The Biden administration is threatening to block millions of dollars in federal aid to Chicago unless Mayor Lori Lightfoot reforms zoning and land-use policies that civil rights investigators concluded are discriminatory.
Time after time city officials have encouraged polluting industries to move from white neighborhoods to Black and Latino communities that already suffer disproportionately from environmental maladies, the U.S. Department of Housing and Urban Development declared Tuesday in a letter to Lightfoot.
The letter summarizes a two-year investigation prompted by city actions that greased the way for General Iron Industries, a clout-heavy scrap shredder, to leave wealthy, mostly white Lincoln Park and relocate on the city’s Southeast Side.
Black and Latino community activists in the low-income area near the Indiana border petitioned HUD in 2020, accusing Lightfoot and her predecessors at City Hall of perpetuating racial segregation and housing discrimination in the nation’s third-largest city.
If changes aren’t adopted, HUD warned, the housing agency could withhold grants spread throughout city agencies. Those grants totaled $375 million during 2021 alone.
“Many of the processes discussed in this letter remain unchanged and are ripe to be repeated,” Jacy Gage, director of HUD’s compliance and disability rights division, wrote in the letter to Lightfoot.
General Iron, which had a long history of pollution problems on the North Side, was on track to become the latest polluter in a long-neglected corner of Chicago, where residential yards, baseball fields and playgrounds are contaminated with heavy metals and toxic chemicals from other companies, including steelmakers that abandoned the area decades ago.
“Disparities in environmental burdens and their health effects were well known by the city and raised by residents and experts,” Gage wrote. “Yet the city took significant actions towards the relocation without considering how the relocation would exacerbate those disparities.”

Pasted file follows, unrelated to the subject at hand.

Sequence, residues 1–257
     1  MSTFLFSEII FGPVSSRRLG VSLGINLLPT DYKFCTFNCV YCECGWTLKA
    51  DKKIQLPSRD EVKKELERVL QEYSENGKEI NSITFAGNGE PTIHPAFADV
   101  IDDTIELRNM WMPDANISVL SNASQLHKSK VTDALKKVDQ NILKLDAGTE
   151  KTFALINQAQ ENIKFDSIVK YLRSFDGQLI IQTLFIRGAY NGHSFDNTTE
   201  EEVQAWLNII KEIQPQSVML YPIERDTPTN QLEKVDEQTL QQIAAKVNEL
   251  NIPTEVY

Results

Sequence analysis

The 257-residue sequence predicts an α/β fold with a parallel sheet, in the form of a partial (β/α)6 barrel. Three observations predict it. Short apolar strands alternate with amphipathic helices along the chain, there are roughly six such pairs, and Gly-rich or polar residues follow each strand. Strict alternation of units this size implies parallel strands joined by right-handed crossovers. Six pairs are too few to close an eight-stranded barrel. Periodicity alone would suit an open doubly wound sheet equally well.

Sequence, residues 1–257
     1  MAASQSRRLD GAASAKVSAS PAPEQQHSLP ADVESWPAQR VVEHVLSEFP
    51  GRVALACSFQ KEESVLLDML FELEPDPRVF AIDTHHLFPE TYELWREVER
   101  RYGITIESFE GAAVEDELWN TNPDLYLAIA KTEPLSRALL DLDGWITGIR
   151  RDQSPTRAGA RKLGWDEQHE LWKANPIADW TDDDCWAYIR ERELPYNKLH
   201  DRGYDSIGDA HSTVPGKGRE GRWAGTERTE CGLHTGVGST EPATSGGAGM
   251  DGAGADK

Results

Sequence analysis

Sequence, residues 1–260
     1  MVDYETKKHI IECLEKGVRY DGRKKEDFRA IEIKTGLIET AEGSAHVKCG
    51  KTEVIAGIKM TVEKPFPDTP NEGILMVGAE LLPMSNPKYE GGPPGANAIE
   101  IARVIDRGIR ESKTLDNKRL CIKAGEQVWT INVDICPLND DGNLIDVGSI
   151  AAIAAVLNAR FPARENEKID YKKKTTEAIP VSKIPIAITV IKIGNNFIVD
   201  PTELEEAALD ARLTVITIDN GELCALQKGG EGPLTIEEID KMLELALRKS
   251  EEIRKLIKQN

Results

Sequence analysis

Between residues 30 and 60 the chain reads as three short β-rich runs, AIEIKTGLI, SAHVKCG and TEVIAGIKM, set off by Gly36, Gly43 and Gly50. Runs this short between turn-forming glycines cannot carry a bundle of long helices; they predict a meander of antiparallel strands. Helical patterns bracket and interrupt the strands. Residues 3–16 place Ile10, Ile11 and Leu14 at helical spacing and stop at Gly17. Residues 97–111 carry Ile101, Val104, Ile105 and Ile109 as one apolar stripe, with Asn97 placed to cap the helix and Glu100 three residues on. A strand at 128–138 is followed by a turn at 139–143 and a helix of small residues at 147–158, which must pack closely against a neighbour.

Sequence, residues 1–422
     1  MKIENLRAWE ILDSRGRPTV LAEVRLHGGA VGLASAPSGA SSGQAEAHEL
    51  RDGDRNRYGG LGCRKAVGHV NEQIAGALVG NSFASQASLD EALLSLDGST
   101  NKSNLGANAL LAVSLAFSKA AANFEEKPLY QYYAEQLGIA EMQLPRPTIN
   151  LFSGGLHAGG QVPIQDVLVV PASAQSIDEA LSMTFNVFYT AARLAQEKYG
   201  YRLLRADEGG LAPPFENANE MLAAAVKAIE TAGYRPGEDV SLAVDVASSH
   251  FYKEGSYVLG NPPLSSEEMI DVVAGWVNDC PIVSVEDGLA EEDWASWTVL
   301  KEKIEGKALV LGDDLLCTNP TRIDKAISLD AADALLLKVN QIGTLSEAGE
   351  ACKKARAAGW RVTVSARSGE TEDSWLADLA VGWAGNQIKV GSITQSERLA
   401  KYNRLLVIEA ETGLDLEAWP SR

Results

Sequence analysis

Though the letter was dated Tuesday, Gage noted that the federal agency had shared its findings with the Lightfoot administration in February. Shortly afterward, the Chicago Department of Public Health abruptly changed course and rejected the last permit needed before the Southeast Side scrap shredder could open.
The decision left General Iron’s corporate successor with piles of flattened cars, twisted rebar and used appliances surrounding an idled machine built along the Calumet River under a deal executives thought they had brokered with Lightfoot.
Reserve Management Group, an Ohio-based company that bought the North Side operation before closing it at the end of 2020, is appealing the permit denial.
In a statement, a Lightfoot spokesman accused HUD of leaking the department’s letter to journalists. Not mentioned is the fact that three community groups are copied on the letter and shared the findings with local media.
“Any allegations that we have done something to compromise the health and safety of our Black and Brown communities are absolutely absurd,” the mayor’s office said in its statement. “We will demonstrate that and prove them wrong.”
During their investigation, federal housing officials found many of the same problems that community activists and City Hall already have documented.